Third, we are creating an industry-led, but university-managed and university-situated National Polymer Innovation Center (NPIC). The NPIC will house talent in basic and applied R&D to focus on small- and mid-sized polymer processing companies as well as on the development of valued-added products and opportunities.

    Finally, we have initiated a significant commercialization engine: The University of Akron Research Foundation - consisting of our own technology transfer personnel coupled with our programs in intellectual property law, science, engineering and business. The non-profit University of Akron Research Foundation is a model for working flexibly with industry and establishing long-term relationships that lead to future opportunities. It has achieved success through the efforts of an impressive team of professionals who understand and appreciate both the academic and commercial worlds. Some of my colleagues are here today and I urge you to meet and get to know George Newkome and Wayne Watkins and do feel free to come to Ohio and spend time with us; we'll learn much from each other, I am sure.

    Examples of the interesting things that this is enabling us to do are the following: First, as industries adjust their talent and space utilization needs, we are managing their vacant space to accommodate incubator needs of new start-up companies and expanding research programs. Likewise, we are consolidating industrial research equipment within our own facilities. We are assembling technical libraries, allowing us to expand our holdings as well as to manage the holdings of industrial partners. We also are managing industrial talent and providing industry with the equivalent of academic research and teaching assistants--namely, industrial assistants. Finally, we are exploring strategic partnerships that tie our research activities more closely with those of industry as well as partnerships that enable bundled intellectual property portfolios to create new enterprises that benefit industry and the university. And we have started and angel investment network, ARCHangels, and an entrepreneurial Guerilla Ventures enterprise group.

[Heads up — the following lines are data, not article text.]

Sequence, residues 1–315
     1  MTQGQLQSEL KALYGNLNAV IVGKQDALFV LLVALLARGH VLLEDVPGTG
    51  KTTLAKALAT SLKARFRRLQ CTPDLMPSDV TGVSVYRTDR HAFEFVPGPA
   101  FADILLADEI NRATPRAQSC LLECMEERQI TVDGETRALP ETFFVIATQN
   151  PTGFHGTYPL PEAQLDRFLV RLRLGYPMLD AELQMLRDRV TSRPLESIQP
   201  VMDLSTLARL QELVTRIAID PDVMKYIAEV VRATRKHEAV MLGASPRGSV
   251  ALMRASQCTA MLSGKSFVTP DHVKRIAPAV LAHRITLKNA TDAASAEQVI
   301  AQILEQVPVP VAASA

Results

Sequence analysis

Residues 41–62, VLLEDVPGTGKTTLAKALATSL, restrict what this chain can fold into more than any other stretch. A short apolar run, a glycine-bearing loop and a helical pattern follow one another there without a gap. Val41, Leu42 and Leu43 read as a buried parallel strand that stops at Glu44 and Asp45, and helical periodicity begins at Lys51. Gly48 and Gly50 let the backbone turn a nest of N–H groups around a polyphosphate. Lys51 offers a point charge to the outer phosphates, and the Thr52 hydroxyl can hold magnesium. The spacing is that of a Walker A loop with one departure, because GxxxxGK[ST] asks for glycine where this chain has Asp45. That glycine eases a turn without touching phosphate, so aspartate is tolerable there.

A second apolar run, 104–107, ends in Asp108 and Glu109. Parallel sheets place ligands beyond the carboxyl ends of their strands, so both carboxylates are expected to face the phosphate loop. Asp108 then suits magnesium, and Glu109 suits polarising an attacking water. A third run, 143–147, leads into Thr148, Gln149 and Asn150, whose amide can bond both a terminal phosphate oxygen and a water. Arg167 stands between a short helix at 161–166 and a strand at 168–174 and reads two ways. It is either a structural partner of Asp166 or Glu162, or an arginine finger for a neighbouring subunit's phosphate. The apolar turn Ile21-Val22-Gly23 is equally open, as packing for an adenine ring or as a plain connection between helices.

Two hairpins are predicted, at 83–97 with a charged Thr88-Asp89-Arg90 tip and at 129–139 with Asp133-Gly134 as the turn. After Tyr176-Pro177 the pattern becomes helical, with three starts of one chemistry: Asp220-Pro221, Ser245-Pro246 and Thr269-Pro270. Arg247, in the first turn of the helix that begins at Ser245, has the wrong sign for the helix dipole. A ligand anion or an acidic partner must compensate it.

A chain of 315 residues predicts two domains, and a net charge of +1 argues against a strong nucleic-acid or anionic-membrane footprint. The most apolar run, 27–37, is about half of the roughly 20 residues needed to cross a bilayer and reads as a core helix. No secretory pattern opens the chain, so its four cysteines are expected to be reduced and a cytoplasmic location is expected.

Despite great strides that universities have made in commercializing their own technology, we must ask ourselves if we have focused too much on the technology transfer component of economic development and in doing so, ignored the opportunity to explore other, perhaps more impactful opportunities.

    Consider this: on average, U.S. universities hold only 3,700 of the more than 150,000 U.S. patents granted each year; they gain less than $28,000 in licensing revenue for each $1 million of research funding, and capture only $36 billion, or 13 percent, of the nation's $276 billion R&D economy.These statistics show that we are just one of many players, perhaps a minor player, in the areas of R&D and technology transfer. Thus, a natural question is whether we should not be seeking to gain a larger percentage of the total R&D marketplace, both nationally and globally.

    Moreover, we should regularly exercise a "reality check" for tech transfer. All universities will not be tech transfer winners. In part, this is because most regions are not Silicon Valley or Route 128 and because most industries are not software or biotechnology and because most universities are not multi-billion dollar research engines. Some of us simply will be lucky, the beneficiaries of an exceptional piece of IP or entrepreneurial spirit, while others will be lucky just if we hit the average numbers annually reported by AUTM.